Trek Training

Trek Training


Taking on a long-distance trek is a great personal achievement, trek training will help you to get the most out of the challenge.

By Angela Owen

Trek Training – ready for a long day walk, a long-distance challenge or classic Worldwide long-distance routes? – We can help with your preparation.

Taking on a long-distance trek is a great personal achievement, trek training will help you to get the most out of the challenge. Our trek training programme is designed to help trekkers of all abilities  and will ensure that your fitness levels are where they should be for your big adventure.

With Path2Peaks Guided Walks you are guaranteed a fantastic day outdoors, stretch your legs, enjoy the fresh air and take in some fantastic views. Our flexible Trek Training Programme allows you to select the walks and dates to suit your individual needs. Please see our calendar and do not hesitate to contact us for more information.

Path2Peaks Trek Training Programme  costs £200 per person and includes seven walks of your choice– which are usually priced at £40 per walks per person, a highly qualified and experienced mountain leader with a wilderness first aid qualification.

It is time to get those boots mucky and get you ready for your next challenge.

“Walking is the best possible exercise. Habituate yourself to walk very far.”

Thomas Jefferson

Our flexible Trek Training Programme allows you to select the walks and dates to suit your individual needs. Please see our calendar and do not hesitate to contact us for more information. Please check out our other walking programmes.

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Trek Training

Walking is not only a fantastic form of exercise but it rejuvenates both your mind and body. A six-hour hill walk, at two miles an hour, can burn up to 1,400 calories. Getting out and walking in the fresh air reduces stress, lowers your chances of stroke or heart attack, and tackles depression.

Discover the Peak District with Local Guides who will share their knowledge about the geology history and wildlife of the area.

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Contact

For any enquiries please email

angelaowen@path2peaks.com

bev.england@path2peaks.com


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Walking in a Winter Wonderland

What can I say other than I absolutely loved it!

It was remote – we were the only people to walk on Beinn Odhar that day – even though I got a little excited on the way down to find footprints going up, I quickly realised that they were ours.

Scotland in late February gave me what everyone had promised – lots and lots of the white stuff I was so desperately looking for.

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The complete white out came from nowhere and forced us to focus completely and to trust the compass bearing we had taken at the bottom which would get us to the top. It was literally all we had – both iphones were dead due to the cold – so no reassuring sneaky checks on the OS app. My walking partner disappeared out of sight after taking 20 steps. It was too steep to retrace our way back down safely, so the only way was up. Get to the summit and take a bearing from the top was the plan, looking at the map we knew there was a less steep spur we could take down to the valley we just had to get an accurate bearing from the top to  it.   We knew we could do it and stayed positive.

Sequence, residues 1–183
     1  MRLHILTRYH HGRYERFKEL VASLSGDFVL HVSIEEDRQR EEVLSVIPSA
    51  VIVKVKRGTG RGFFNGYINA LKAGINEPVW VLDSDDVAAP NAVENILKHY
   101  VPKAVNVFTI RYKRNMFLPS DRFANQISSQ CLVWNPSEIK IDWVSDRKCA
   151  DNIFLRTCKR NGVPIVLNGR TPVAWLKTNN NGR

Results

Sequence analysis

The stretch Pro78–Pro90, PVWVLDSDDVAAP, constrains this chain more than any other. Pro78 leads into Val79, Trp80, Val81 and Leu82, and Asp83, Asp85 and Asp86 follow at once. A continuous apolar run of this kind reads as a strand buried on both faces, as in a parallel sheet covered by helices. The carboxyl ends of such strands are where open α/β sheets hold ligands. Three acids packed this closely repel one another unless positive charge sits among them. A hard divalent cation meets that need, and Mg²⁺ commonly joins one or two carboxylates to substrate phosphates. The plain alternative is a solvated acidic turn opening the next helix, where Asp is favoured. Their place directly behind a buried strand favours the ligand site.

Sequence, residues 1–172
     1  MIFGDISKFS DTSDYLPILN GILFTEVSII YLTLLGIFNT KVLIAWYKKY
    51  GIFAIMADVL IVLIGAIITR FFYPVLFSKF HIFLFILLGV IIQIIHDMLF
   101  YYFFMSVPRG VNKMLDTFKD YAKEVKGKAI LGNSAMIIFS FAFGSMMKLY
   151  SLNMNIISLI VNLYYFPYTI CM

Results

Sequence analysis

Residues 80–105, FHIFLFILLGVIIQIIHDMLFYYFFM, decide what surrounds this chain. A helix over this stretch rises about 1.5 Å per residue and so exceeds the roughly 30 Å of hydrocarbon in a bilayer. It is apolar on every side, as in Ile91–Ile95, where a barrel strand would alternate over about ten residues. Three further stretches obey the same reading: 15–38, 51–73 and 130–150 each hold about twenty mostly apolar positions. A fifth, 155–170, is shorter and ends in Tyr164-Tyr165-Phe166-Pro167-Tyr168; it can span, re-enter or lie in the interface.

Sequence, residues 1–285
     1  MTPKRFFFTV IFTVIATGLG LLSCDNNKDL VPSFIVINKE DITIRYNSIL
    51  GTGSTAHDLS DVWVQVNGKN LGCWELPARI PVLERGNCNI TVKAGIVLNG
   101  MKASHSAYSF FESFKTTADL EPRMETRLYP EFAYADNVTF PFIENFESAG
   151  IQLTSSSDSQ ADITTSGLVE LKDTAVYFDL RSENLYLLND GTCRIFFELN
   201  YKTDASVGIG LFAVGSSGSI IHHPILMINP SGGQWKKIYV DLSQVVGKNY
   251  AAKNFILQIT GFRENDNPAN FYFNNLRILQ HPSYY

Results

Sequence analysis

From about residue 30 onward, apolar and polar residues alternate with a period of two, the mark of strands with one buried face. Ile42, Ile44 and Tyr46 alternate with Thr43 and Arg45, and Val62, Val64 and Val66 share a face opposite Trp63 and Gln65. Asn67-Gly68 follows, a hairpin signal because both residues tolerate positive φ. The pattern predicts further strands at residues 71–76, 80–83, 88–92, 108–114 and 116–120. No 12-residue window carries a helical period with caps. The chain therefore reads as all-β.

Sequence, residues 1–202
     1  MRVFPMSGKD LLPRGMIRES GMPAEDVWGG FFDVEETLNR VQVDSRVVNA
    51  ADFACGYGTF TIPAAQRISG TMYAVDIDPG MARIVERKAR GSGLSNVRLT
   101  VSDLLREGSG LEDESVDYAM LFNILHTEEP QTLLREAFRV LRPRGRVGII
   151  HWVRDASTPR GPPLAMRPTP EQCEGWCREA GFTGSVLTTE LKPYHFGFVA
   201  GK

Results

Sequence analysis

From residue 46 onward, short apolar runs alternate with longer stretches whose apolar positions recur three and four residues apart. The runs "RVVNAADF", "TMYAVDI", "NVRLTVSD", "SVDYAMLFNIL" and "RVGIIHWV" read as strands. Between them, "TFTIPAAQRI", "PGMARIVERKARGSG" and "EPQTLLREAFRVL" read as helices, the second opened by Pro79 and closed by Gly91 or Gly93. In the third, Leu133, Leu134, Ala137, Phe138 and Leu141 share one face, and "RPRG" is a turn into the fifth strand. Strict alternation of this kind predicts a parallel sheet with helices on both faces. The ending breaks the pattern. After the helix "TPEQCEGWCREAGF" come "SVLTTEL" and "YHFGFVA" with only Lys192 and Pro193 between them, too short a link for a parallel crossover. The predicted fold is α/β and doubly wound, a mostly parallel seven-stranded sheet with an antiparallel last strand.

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Stay Calm and Focus in the White Room!

I would be lying if I didn’t admit to being afraid – I was scared.  If I had closed my eyes and been spun around I wouldn’t have had a clue where I was. At that point I was clinging on to my sense of direction and memory of where I had been and relating that to the map.  I stayed calm and focused on the accuracy of the bearing we were leapfrogging on 20 pace legs. It was a slow process but it felt like the safest thing to do. We were overjoyed when we hit the summit just 2 meters to the left of the cairn. We were so proud that we had trusted the map and compass and our pacing, it had certainly paid off.

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On the way down we were able to relate what the land was doing to the map, in conjunction with pacing and timings –  which helped reassure us that we were on the right track. This was invaluable in featureless terrain.

Being prepared -planing well helped us know what we expected to see and when –visualising the route before we set off really helped. Trust in our abilities and faith in the map and compass is what kept us calm and positive.

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It was an amazing and invigorating experience one which has left me hankering for more Scottish winter days.  Watch this space…..

 

What I packed in my rucksack for a day of winter walking in Scotland.